Tacrolimus dosing is routinely tailored based on its trough level (C0) drawn by therapeutic drug monitoring in pediatric patients with primary nephrotic syndrome. However, this concentration is often inaccurate owing to inappropriate practice, such as deviation of sampling time (DST). The quantitative relationship between DST and C0 remains unclear.
Tacrolimus concentration at nominal sampling times (12 hours after last dose) and 32 deviation scenarios (12 ± 4 hours every 15 minutes) was predicted using a previously validated population pharmacokinetic model based on 162 scenarios of 100 primary nephrotic syndrome patients involved in the population pharmacokinetic model and derived virtual patients. Concentration error (CE) and relative CE (RCE) were evaluated, and the correlation between DST and RCE was evaluated by subgroup analysis using linear regression. Ultimately, the inappropriate dosing possibly misled by incorrect C0 was simulated in a real-patient cohort according to the target range (5–10 ng/mL).
Approximately 7% of RCE was caused at every 1-hour of DST. DST was the most major contributor of RCE (r = 0.773–0.804). Patients with early sampling, older age, high body weight, high dose, low aspartate transaminase level, high corticosteroid dose, and without combination of azole antifungal agents were revealed to have high RCE. Approximately 7%–36% and 9%–25% of inappropriate dose tailoring may be caused by early and delayed sampling, respectively. In addition, patients with early sampling or high-dose tacrolimus had a higher risk of inappropriate dosing than patients with delayed sampling [hazard ratio = 1.53, 95% confidence interval (CI): 1.03–2.27, P = 0.048], and low-dose tacrolimus (P < 0.0001).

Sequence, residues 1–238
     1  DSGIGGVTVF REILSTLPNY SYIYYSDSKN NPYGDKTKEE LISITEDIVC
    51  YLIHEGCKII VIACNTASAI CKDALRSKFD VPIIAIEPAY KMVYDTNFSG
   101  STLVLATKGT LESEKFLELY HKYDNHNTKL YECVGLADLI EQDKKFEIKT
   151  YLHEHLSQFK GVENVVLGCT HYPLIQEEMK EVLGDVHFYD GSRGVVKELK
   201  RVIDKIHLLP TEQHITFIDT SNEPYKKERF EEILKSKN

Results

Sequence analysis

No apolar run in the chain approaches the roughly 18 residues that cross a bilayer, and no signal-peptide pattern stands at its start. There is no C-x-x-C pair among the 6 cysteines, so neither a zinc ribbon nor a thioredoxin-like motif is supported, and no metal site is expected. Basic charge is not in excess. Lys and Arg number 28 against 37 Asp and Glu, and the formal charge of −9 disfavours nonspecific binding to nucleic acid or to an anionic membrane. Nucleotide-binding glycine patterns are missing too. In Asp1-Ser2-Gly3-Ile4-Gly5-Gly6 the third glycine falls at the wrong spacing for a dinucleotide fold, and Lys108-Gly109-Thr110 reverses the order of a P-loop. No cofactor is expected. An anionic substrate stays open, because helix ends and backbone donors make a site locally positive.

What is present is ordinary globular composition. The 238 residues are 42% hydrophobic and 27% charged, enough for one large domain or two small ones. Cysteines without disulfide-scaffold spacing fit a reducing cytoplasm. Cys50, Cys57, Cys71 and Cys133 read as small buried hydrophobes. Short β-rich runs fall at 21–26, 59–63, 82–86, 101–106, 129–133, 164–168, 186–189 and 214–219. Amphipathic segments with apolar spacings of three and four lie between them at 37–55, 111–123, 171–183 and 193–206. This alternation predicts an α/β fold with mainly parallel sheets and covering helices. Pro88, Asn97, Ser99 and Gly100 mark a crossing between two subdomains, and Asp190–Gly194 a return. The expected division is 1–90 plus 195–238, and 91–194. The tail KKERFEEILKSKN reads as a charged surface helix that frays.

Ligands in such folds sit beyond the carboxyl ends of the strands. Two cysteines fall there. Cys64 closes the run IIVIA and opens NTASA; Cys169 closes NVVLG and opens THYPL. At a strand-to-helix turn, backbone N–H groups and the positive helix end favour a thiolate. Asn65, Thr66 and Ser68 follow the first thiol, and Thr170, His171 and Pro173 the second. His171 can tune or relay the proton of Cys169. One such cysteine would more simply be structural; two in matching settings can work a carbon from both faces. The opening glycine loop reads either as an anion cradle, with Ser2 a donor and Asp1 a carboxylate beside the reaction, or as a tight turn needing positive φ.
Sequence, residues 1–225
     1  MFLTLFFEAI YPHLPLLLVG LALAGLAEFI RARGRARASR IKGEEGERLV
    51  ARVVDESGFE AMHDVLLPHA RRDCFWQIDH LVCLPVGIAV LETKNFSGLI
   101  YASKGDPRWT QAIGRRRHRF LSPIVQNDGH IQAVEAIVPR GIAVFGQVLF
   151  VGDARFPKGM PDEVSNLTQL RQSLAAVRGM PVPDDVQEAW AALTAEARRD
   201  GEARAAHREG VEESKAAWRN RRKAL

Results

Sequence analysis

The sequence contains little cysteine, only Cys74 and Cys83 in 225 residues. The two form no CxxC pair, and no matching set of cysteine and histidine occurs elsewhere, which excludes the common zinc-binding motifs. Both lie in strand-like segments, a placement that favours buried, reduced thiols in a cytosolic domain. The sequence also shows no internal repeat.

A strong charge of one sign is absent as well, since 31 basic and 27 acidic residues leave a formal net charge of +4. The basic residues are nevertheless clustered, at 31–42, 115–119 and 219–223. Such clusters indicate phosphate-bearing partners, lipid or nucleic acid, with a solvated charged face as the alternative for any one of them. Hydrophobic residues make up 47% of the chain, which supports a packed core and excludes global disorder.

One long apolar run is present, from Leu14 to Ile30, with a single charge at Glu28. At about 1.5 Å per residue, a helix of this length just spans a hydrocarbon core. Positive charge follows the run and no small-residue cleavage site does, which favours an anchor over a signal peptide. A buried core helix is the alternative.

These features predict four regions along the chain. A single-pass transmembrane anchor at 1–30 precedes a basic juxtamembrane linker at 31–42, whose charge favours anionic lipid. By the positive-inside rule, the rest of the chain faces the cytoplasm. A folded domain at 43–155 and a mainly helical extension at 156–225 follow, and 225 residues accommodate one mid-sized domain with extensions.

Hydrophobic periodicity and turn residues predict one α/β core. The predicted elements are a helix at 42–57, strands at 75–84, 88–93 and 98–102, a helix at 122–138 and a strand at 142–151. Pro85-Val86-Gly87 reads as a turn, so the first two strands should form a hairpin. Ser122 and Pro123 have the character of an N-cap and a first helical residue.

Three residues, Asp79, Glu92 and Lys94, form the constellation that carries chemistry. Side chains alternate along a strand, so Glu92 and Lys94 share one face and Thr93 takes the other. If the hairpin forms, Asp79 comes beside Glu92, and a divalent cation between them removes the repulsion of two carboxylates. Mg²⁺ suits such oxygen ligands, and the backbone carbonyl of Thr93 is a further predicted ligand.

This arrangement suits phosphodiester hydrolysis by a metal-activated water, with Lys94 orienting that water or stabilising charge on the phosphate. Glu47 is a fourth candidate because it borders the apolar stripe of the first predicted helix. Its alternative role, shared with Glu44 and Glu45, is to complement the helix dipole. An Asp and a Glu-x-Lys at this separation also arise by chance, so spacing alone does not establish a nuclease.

A moderate bias of concentration and dose tailoring was revealed within 4 hours of DST. In addition, a high risk of bias was found in patients with early sampling and high-dose tacrolimus.